New Century Financial has disclosed that its outside auditor, KPMG, has resigned.
The subprime lender, now in Chapter 11 liquidation proceedings, asserted that there were no disagreements with KPMG.
New Century added that for 2004 and 2005, its financial statements, as well as audit reports on management’s assessment of the effectiveness of internal control over financial reporting, did not contain any adverse opinion or a disclaimer of opinion “and was not qualified or modified as to uncertainty, audit scope, or accounting principles.”
The 2006 audit has not been completed, New Century pointed out.
In February, the company warned that its financial statements for the first three quarters of 2006 should be restated to correct errors in accounting and financial reporting of loan-repurchase losses. New Century began its own investigation into the issues that triggered the restatement, later expanding it, at the request of KPMG, to examine the valuation of residual interests in securitizations in 2006 and prior periods.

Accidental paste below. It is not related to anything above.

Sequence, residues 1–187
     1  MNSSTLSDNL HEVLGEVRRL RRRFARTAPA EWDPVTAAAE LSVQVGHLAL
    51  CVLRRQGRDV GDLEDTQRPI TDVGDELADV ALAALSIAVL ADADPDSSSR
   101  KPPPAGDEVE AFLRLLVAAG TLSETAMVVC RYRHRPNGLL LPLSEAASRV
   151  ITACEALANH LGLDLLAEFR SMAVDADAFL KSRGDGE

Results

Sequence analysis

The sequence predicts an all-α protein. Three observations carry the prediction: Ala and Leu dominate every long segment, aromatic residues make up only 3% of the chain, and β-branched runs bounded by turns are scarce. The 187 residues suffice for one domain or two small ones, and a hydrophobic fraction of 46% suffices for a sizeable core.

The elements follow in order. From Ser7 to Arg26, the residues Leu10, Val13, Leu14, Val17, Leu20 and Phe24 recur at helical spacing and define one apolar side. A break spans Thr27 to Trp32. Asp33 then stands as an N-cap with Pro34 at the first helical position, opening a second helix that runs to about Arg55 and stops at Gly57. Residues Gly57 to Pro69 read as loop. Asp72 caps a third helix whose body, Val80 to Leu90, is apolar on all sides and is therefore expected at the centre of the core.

According to New Century, KPMG then told the company it would likely need to reassess its audit plan, and perform additional audit procedures, to obtain sufficient evidence concerning any conclusions reached by the investigating team. KPMG also advised the company there could be a material weakness in the company’s internal control over financial reporting.
New Century, which disclosed in March that it is the subject of investigations by the Securities and Exchange Commission and federal prosecutors, was subsequently delisted by the New York Stock Exchange. It is also a defendant in more than two dozen civil lawsuits, according to the Associated Press.
Earlier this week, the company also announced that it would lay off 2,000 employees after failing to receive any bids for its mortgage loan origination business.
Meanwhile, New Century has replaced a package of executive rewards that drew criticism from U.S. Trustee Kelly Beaudin Stapleton, according to the AP. The company now plans to award bonuses to 34 high-ranking executives, but the revised package has reportedly raised new questions about the justification for bankruptcy bonuses for some of these executives.